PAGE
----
To add insult to injury, tolls collected by state agencies are not even the sole source of revenue that maintains these highways. All drivers pay federal highway taxes, which are used to maintain the New York State Thruway, the Massachusetts Turnpike and similar state-run toll facilities. So the out-of-state driver has already contributed to the costs of maintaining the road he’s charged extra for the privilege of using.

Congress, or possibly the administration alone, could address this problem by docking federal dollars from states that pick on nonresidents this way. As a Floridian, whose state uses a different toll system that operates with simple windshield stickers sold at the same price to everyone, I like this idea. I like it even more when I drive one of my Florida cars back to the Northeast using my New York-issued E-ZPass and find myself paying higher tolls almost everywhere I go along the way.

About Larry M. Elkin 553 Articles

Affiliation: Palisades Hudson Financial Group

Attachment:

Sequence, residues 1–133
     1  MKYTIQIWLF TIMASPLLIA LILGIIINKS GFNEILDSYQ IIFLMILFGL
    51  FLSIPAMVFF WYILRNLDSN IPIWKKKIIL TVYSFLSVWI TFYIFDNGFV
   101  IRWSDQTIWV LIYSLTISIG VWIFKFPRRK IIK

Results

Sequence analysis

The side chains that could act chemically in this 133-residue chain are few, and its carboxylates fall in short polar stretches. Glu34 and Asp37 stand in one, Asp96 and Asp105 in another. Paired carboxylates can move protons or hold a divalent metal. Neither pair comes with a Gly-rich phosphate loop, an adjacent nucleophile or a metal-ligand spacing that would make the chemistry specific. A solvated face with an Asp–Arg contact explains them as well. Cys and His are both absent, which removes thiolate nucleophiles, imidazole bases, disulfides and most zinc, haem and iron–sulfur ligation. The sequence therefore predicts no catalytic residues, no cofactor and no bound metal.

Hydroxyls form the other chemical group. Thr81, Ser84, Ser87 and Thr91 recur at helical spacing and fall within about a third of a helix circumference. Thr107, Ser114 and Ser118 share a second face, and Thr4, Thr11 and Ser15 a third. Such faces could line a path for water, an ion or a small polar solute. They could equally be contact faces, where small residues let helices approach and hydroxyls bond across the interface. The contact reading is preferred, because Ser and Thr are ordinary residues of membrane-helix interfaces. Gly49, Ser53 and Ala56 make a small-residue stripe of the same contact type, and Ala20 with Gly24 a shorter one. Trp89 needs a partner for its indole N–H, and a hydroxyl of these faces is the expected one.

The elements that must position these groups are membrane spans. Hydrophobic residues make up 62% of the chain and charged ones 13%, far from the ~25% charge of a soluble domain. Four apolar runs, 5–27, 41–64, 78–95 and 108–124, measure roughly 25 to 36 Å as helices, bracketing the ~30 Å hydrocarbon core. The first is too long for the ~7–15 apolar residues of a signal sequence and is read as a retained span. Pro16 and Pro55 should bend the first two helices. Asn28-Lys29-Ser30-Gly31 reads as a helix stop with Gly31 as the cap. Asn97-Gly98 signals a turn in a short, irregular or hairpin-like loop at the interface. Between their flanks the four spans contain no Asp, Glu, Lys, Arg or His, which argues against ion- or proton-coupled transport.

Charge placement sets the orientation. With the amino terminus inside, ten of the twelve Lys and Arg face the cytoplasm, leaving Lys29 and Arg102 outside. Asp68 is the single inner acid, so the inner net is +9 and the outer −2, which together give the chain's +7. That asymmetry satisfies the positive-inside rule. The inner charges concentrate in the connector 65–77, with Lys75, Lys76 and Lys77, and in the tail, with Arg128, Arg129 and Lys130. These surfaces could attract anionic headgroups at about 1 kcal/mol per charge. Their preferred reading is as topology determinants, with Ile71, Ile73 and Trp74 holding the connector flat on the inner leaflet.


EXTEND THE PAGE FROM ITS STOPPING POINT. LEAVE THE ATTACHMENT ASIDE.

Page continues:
Larry M. Elkin, CPA, CFP®, has provided personal financial and tax counseling to a sophisticated client base since 1986. After six years with Arthur Andersen, where he was a senior manager for personal financial planning and family wealth planning, he founded his own firm in Hastings on Hudson, New York in 1992. That firm grew steadily and became the Palisades Hudson organization, which moved to Scarsdale, New York in 2002. The firm expanded to Fort Lauderdale, Florida, in 2005, and to Atlanta, Georgia, in 2008.

Larry received his B.A. in journalism from the University of Montana in 1978, and his M.B.A. in accounting from New York University in 1986. Larry was a reporter and editor for The Associated Press from 1978 to 1986. He covered government, business and legal affairs for the wire service, with assignments in Helena, Montana; Albany, New York; Washington, D.C.; and New York City’s federal courts in Brooklyn and Manhattan.